Columnist Jim Cahillane: A new year filled with hope

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Published: 12/29/2016 12:28:57 PM

From time to time I find myself talking to writers and editors.

Editors are persons whose job demands that they deal with writers. Writers are the bane of an editor’s life. That’s why “deadlines” were invented. The editor has deadlines because of his publisher, causing the less-dependable writer class to find themselves “on deadline.”

One early tip I received was that when phoning an editor, ask if they’re on deadline? If the answer’s yes, apologize and hang up. Keep talking and your pitch could be doomed.

New Year’s Day and my natal day arrive close together. Thus, New Year’s Day brings me that much nearer the deadline set by that great editor in the sky. He’s been patient with me so far, eight decades of errors under my byline and counting. As my favorite fictional character, Bertie Wooster, would say, “Jeeves, it makes a man think, what?” Jeeves, imperturbable, concedes, “ If you say so, sir.”

Bertie and I are not the only aging philosophers spouting wisdom. This year my friends’ Christmas cards carry messages noting time’s swift passage in our later years.

Once you’re on Medicare, life is measured less by stopwatches than more usefully by calendars. We seniors substitute for and put off heavenly deadlines with one more medical appointment. One thing that bugs me is that each kept appointment is followed by another, three or six months hence.

If you’re searching for an optimist, talk to the office staff, they want you back again. Our health has morphed into their job security.

This year had me taking a smooth Highland Ambulance ride to Cooley Dickinson Hospital. The problem was a painful knee due to a blood leak. I lived with its symptoms for far too long, resulting in an early Saturday morning 911 call. Don’t follow my example. My New Year’s resolution is to quit doing self-diagnosis. Last year began with a pair of 911 calls, the second leading to open-heart surgery at Baystate.

Just one serious operation concentrates the mind. I’d been sitting on the mostly completed draft of a book, “The Pilot’s Satchel,” which reprised a six-year-old medical crisis. God has infinite patience, yet when it comes to our lives doesn’t do do-overs. But, he does send angelic messengers. Some of them arrive in a shout — like making too many 911 calls! My hearing may be weaker next year, but I’ll hear you Lord when you whisper.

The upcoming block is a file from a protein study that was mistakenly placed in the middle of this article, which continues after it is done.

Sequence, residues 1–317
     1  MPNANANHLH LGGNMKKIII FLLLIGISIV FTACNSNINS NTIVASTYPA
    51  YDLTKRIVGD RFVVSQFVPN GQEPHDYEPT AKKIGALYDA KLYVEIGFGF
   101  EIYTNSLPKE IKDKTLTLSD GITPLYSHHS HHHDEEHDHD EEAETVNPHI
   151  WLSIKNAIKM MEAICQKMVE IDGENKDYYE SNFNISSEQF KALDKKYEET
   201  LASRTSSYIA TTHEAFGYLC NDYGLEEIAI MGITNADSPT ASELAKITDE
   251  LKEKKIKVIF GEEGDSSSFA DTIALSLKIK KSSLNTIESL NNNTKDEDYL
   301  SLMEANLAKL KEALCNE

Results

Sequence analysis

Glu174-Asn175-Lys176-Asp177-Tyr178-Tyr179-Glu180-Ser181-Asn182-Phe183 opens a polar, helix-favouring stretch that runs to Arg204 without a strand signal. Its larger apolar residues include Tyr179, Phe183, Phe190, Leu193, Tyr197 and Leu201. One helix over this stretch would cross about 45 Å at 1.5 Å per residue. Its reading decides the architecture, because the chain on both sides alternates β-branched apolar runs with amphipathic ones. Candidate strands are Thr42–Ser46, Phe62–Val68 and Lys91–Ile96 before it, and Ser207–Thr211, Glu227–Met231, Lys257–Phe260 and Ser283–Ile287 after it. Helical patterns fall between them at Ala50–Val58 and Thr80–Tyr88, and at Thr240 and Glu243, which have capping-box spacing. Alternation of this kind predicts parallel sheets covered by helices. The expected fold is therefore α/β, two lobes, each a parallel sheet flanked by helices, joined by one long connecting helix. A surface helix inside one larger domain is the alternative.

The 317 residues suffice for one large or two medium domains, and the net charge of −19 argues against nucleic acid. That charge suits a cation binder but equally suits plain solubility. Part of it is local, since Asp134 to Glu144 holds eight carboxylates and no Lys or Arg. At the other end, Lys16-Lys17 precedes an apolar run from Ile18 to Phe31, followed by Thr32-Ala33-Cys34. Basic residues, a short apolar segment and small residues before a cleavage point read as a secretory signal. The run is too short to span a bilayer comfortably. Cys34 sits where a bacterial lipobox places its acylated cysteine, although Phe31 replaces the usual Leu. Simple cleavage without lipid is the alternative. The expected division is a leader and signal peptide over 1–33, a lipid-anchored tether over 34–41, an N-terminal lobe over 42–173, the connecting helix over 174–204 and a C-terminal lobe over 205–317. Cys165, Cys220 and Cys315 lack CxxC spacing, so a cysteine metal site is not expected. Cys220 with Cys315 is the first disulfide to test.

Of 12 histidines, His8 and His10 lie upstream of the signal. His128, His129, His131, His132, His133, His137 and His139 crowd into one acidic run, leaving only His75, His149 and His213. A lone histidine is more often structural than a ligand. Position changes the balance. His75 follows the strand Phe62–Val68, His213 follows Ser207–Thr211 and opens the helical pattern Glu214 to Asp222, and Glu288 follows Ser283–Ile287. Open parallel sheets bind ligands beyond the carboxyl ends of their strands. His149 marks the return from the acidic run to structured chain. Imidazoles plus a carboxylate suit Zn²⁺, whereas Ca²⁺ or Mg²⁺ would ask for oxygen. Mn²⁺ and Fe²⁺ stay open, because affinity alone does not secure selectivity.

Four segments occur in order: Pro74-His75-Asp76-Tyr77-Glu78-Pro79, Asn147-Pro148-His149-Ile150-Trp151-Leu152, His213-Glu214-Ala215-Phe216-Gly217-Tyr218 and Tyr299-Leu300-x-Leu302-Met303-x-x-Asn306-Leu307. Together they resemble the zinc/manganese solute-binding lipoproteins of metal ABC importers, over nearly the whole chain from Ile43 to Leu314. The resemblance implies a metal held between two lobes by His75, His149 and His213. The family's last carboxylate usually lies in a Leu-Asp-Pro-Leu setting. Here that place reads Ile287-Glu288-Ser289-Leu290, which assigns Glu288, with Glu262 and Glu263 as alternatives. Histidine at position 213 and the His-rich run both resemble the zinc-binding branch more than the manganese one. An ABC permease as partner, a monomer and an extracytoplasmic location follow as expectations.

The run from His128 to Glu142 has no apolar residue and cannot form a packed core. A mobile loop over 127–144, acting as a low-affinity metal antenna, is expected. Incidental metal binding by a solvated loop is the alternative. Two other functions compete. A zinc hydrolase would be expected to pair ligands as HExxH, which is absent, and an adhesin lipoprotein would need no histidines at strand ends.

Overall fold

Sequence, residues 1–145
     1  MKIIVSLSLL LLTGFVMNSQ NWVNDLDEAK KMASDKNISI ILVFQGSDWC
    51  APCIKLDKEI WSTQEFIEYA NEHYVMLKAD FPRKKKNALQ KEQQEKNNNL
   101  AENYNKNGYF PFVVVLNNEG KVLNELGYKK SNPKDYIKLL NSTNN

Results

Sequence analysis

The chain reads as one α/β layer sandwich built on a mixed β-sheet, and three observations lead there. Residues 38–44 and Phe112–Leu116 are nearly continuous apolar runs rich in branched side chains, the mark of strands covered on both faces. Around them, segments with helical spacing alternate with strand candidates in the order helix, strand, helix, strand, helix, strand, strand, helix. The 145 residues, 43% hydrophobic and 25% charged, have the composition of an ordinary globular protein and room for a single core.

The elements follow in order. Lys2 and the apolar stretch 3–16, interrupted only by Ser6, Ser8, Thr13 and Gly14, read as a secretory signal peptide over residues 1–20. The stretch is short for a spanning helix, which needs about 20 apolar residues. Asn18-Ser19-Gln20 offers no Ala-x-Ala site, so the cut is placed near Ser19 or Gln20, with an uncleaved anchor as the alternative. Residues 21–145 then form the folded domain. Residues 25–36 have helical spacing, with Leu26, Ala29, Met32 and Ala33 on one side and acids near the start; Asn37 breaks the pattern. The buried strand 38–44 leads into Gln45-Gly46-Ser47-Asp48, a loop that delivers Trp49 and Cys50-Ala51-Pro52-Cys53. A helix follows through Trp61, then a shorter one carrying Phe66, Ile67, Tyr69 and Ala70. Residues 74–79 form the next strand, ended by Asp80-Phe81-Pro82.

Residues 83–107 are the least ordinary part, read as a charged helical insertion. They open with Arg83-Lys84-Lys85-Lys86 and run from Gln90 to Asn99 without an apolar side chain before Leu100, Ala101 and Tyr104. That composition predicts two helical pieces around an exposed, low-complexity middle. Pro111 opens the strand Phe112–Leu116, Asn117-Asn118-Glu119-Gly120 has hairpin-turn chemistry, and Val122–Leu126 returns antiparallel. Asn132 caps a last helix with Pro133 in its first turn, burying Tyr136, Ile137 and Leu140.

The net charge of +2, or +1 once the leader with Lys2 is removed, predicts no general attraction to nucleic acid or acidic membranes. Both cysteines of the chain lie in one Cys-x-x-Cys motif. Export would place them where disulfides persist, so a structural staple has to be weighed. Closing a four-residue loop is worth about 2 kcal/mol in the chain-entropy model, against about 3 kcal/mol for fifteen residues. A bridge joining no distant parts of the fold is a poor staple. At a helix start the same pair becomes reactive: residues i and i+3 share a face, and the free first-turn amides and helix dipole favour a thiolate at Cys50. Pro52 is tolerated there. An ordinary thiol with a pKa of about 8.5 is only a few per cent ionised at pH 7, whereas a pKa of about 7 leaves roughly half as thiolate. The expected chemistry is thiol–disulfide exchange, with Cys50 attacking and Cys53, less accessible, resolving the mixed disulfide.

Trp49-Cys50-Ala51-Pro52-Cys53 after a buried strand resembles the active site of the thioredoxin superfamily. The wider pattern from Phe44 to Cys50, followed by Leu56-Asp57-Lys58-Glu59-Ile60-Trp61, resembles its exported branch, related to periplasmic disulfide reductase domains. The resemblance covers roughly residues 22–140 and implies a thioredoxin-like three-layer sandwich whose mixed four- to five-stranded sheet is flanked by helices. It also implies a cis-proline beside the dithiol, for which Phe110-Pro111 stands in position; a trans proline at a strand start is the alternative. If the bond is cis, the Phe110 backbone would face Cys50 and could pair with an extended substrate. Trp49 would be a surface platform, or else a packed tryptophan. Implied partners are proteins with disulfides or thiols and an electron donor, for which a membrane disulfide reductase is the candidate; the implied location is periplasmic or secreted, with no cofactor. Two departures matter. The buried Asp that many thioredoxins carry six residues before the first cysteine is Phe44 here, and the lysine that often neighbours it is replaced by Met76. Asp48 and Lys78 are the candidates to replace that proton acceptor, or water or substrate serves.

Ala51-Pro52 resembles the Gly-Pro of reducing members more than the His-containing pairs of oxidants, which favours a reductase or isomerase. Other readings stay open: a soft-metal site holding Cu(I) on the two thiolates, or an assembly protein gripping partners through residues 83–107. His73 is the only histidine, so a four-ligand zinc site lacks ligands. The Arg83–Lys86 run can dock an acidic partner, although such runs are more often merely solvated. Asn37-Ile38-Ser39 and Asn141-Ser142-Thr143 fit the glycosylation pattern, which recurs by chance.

I refuse to dwell on the recent presidential campaign for now, yet my head won’t let go of a comment by Bill Clinton: “We have more days behind us than ahead.”

It isn’t Shakespeare, but there’s a lot of truth in there. President Clinton and I go back a long way. His new administration was the subject of my first column in 1993. Until very recently I thought that I’d be writing about Hillary’s election; it was not to be.

Ten years ago I brashly mailed the former president a copy of “The Best Place of All: An Irish American Memoir of Pluck, Luck & Automobiles” published in 2004 by Northampton’s 350th Committee. I’d recently read his autobiography, “My Life,” wherein he mentioned that one of his first jobs was at his uncle’s car dealership.

His July 2006 thank-you letter, boldly signed Bill Clinton, is framed on my wall. Compared to today’s selfies a letter may be seen as small change, but they last. Conversely, candidate Bill Clinton got a lot of mileage out of a filmed JFK handshake.

When I get around to publishing a collection of these columns it will reflect life in the 1990s, titled “Halcyon Days.” Another name that would work is “Hope,” which grew apace because our economy expanded and America was not at war. First Lady Michelle Obama said it well when she inquired of Oprah:

“What do we have if we don’t have hope?”

So far as our odd-duck new president goes, I commend to you the warning pre-printed on receipts from our old Honda motorcycle shop:

Stay Alert!

On that note I sign off with a prayerful wish for everyone to have a happy new year, one filled with hope and excellent physicians.

Jim Cahillane, of Williamsburg, a writer and poet, writes a monthly column. His new book, “The Pilot’s Satchel,” reveals dreams from a 2010 coma.




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